Salud! 7 Interesting Facts About Mexican Wines

Published on July 19, 2021

Are you a wine lover? Do you like discovering new kinds of wine? Well, you’re in luck: you’re about to learn all about Mexican wines! While Mexico is mostly known for its cervezas (beers), tequila, and delicious cocktails, in recent years it has started producing high quality wines in a variety of styles and blends that have been getting the attention of wine connoisseurs around the globe. But its history of wine production isn’t new: it goes back hundreds of years.

To get you better acquainted with Mexican wines, we have gathered some interesting facts that span their history, geography, and production. This knowledge is sure to enrich your experience when you try a Mexican wine for the first time!

Spanish conquistadors produced the first Mexican wines

The first time wine was produced in Mexico was in the early 1500s, following the victory of Hernán Cortés and his fellow conquistadors over the Aztecs. While celebrating the conquest, the Spanish quickly exhausted their supply of wines they brought from Spain. To replenish the supply, Cortés ordered each colonist to plant at least 1000 grapevines.

Mexican wines did so well they were a threat to Spanish wines

As it turned out, Cortés was on to something. The wines produced in Mexico from Spanish grapes had become so successful that they started to threaten Spain’s wine exports. As a result, in 1595 King Philip II of Spain ordered the production of wine in Mexico to stop. The only wine produced in Mexico after that was sacramental wine, made by Jesuits and other religious groups. It took until the 20th century to revitalize the Mexican wine industry.

People in Mexico only drink 2 glasses of wine a year

Although interest in wine in Mexico has grown over the last decades, especially in large cities and tourist destinations, Mexico is not known for its wine consumption. The average person in Mexico drinks 2 glasses of wine a year. One reason for that is that wine is expensive: the Mexican government imposes a tax of 40% per bottle of wine, so wine has a hard time competing with beer and tequila.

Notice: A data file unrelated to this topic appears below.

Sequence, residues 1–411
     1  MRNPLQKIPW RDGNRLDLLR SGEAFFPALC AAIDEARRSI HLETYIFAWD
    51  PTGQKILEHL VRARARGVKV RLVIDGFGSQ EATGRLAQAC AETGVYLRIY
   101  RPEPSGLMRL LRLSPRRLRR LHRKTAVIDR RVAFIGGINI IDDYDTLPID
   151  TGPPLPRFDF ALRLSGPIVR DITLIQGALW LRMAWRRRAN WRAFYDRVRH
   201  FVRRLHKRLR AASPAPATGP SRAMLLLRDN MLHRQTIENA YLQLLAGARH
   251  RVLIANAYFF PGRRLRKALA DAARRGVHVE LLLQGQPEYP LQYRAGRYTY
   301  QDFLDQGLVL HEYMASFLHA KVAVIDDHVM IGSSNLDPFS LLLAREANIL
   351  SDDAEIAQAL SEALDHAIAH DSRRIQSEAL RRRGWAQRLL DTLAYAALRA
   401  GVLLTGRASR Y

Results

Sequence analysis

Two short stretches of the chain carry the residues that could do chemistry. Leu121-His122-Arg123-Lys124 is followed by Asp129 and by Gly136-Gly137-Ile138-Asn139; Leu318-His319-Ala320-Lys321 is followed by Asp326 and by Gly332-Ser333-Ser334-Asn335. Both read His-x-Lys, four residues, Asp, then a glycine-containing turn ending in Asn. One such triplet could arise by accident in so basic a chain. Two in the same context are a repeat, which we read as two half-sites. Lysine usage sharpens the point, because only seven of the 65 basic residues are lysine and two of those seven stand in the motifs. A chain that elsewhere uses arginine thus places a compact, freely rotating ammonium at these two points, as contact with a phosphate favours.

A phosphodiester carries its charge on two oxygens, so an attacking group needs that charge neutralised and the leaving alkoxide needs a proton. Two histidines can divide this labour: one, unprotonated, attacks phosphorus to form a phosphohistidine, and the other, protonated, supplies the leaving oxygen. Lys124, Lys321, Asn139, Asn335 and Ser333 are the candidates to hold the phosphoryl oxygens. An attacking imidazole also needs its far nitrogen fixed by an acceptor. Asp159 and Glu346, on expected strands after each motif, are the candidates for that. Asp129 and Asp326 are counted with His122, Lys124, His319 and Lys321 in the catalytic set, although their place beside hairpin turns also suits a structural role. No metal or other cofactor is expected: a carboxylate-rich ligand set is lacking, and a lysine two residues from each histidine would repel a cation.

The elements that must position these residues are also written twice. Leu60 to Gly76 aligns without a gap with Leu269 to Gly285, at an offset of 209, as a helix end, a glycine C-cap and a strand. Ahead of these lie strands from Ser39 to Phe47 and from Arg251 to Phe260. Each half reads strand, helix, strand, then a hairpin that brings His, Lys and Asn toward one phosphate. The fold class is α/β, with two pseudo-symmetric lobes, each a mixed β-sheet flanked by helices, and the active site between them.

Mexican wine is gaining in popularity in Mexico

While most wine consumed in Mexico is imported from places like Europe, Australia and Chile, consumption of domestic wines is on the rise. Currently, 40% of wines consumed in Mexico are local wines. In the past, high-end restaurants in Mexico would only serve imported wines; but as the quality and reputation of Mexican wines increase, newer restaurants are starting to include domestic wines on their menus.

Mexican wine is produced in three main regions

There are three main regions in Mexico where wine is produced. The majority is produced in the north – Baja California and Sonora. The rest is produced is La Laguna, a region comprising Coahuila and Durango, and in the central states of Zacatecas, Aguascalientes and Querétaro. All these regions are characterized by a warm climate.

Mexico has its own Napa Valley

Valle de Guadalupe, a valley in Baja California, has been dubbed “the Napa Valley of Mexico”. Its warm sunny days, cool nights, granite soils and proximity to the ocean makes this area one of few in the world where world-class grapes can be grown.

Fewer restriction make Mexican wines a unique testing ground

The wine industry in Mexico is not as heavily restricted as it is in other areas of the world, which allows producers and winemakers much more flexibility. They can experiment with different grapes, styles and blends, which leads to greater variety in the wines produced. Unique blends that can only be produced in Mexico include Cabernet-Nebbiolo and Sauvignon Blanc-Chardonnay.

Interested in trying one of Mexico’s unique wines? Head to your local liqueur store and check them out!